Reuters reported that Iraqi police, speaking on condition of anonymity, said the boy, whom they named as Omar Moussa Salih, had not been involved in the grenade-throwing.

Reuters reported the following details:
U.S. and Iraqi forces came under grenade attack Thursday in the western part of Mosul, the northern city seen as a final stronghold of al Qaeda and other insurgents, said Major Derrick Cheng, a U.S. spokesman in northern Iraq.

U.S. forces responded by firing at several people, killing the boy. He was found with 10,000 Iraqi dinars, or around $8.50, in his hand.

"We have every reason to believe that insurgents are paying children to conduct these attacks or assist the attackers in some capacity, but undoubtedly placing the children in harm's way," Cheng said.

Iraqi police in Mosul said the boy, who had sold sweets in the street, was shot more than once in the head. His eight-year-old brother ran away when Omar was shot, police said.

Cheng said another boy was briefly detained but released.
The incident in Mosul comes less than two months before U.S. combat forces are due to withdraw from Iraqi cities, including stubbornly violent Mosul, as part of a bilateral security pact that calls for a full U.S. withdrawal by the end of 2011, Reuters noted.

While violence overall has declined in Iraq, suicide bombings and other attacks continue, especially in ethnically and religiously mixed areas.

(Report from newswire sources.)

Source: U.S. forces shoot Iraqi boy dead after grenade attack

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Wire: Investigation Not Over in Air Force One Fly-By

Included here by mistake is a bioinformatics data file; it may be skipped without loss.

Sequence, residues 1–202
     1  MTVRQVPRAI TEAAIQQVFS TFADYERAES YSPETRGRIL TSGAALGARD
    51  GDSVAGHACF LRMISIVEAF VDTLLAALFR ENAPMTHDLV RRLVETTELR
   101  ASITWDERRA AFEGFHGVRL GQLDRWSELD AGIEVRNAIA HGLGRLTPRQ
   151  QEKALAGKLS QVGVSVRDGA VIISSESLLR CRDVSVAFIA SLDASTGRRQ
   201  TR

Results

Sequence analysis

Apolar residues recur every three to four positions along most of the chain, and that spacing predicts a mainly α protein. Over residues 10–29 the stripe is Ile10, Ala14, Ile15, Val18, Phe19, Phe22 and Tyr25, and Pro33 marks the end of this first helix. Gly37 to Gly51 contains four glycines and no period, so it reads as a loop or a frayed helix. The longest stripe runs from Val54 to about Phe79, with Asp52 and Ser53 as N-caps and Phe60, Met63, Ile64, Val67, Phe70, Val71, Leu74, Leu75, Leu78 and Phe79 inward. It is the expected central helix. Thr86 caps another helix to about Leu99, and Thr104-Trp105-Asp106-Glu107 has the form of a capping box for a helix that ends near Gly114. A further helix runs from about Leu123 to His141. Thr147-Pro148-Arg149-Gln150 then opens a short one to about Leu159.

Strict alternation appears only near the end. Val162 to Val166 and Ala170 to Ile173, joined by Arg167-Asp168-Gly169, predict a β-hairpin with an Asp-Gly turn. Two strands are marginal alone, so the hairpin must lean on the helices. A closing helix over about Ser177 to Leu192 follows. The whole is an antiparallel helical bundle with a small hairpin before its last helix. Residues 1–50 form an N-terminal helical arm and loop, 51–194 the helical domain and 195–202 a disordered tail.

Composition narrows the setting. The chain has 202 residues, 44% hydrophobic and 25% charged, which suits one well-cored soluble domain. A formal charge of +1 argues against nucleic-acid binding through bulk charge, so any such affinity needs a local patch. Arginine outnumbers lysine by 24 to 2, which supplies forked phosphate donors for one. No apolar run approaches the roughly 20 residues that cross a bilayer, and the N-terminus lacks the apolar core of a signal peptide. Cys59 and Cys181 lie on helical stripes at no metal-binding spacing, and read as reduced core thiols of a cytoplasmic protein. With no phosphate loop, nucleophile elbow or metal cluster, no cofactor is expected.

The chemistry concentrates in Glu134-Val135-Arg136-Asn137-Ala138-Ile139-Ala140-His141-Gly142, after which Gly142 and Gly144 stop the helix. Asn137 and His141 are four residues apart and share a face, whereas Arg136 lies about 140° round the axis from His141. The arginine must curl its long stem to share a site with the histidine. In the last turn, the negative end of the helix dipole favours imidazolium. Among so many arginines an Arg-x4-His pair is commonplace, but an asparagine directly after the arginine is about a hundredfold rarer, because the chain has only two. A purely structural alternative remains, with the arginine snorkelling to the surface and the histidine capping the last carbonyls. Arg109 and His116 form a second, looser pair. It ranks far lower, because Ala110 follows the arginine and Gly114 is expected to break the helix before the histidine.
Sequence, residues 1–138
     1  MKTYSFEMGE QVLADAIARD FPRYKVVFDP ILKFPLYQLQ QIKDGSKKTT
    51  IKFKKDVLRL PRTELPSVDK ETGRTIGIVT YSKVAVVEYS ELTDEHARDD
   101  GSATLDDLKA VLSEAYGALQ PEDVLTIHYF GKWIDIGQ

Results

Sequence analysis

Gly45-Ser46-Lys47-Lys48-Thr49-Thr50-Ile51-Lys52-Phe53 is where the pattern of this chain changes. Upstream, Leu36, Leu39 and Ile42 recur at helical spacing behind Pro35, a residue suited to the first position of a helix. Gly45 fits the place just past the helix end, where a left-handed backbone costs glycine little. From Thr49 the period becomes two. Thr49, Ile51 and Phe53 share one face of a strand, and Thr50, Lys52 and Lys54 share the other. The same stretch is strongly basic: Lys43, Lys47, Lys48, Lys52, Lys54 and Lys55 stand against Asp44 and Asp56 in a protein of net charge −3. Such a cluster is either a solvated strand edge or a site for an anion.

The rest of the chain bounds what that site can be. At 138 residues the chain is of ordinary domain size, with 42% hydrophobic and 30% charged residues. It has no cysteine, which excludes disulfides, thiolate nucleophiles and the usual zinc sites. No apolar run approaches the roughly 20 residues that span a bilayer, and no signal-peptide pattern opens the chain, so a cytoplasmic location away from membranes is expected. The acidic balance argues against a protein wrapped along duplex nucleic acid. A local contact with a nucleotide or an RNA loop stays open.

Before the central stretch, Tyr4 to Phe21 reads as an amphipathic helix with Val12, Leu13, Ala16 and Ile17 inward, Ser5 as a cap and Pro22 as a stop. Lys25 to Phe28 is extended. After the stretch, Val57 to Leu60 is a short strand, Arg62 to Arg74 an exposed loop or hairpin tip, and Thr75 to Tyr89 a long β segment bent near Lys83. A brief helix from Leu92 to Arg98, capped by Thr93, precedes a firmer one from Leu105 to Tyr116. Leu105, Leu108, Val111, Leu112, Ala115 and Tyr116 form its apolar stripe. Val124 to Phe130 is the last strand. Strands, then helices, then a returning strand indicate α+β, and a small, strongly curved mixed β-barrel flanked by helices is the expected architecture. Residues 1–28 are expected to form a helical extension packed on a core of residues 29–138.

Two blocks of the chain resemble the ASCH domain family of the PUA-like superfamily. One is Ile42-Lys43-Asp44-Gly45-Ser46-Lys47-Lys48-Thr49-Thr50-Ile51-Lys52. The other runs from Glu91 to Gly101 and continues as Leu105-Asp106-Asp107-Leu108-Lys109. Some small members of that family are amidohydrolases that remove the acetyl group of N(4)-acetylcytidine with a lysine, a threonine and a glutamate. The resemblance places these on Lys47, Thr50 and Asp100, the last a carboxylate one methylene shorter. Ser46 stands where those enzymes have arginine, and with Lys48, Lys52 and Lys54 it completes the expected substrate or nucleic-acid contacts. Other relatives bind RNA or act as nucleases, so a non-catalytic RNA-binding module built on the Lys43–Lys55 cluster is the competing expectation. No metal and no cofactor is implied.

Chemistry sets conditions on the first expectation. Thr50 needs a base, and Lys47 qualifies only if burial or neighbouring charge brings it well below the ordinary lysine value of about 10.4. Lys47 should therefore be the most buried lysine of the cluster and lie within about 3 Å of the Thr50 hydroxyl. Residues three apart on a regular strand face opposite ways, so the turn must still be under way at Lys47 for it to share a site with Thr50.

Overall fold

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Off the Wire:

WASHINGTON, May 9, 2009 -- Newswires reported today that the Pentagon and Air Force are reviewing whether officials may be to blame for a $328,835 photo-op of a 747 jumbo jet used by the president soaring above New York City that has already forced the White House military director to step down.

The Associated Press reported that former Army Secretary Louis Caldera, the White House official who authorized the flyover, resigned Friday as the Obama administration tried to move past the embarrassing incident that sent panicked workers running into the streets amid flashbacks of the terrorist attacks of Sept. 11, 2001.

AP noted that the White House released the findings of an internal review that portrayed Caldera as out of the loop in a cycle of missed messages and questionable judgments as plans for the photo shoot proceeded.

AP said, however, the White House investigation is hardly the end of the matter.

AP noted the following details:
Defense Secretary Robert Gates has ordered a review at the Pentagon; the Air Force is conducting its own review as well.

In a May 5 letter to Sen. John McCain, R-Ariz., Gates apologized for the incident, saying "we deeply regret the anxiety and alarm that resulted from this mission."

McCain posted the letter on his Web site Friday.

"I am concerned that this highly public and visible mission did not include an appropriate review and approval by senior Air Force and (Defense Department) officials," Gates wrote.

{. . .]

According to the findings released Friday, Caldera said he didn't know the jet — known as Air Force One when the president is aboard — would fly at 1,000 feet during the April 27 photo session. He also failed to read an e-mail message describing the operation and seemed unaware of the potential for public fear, the findings said.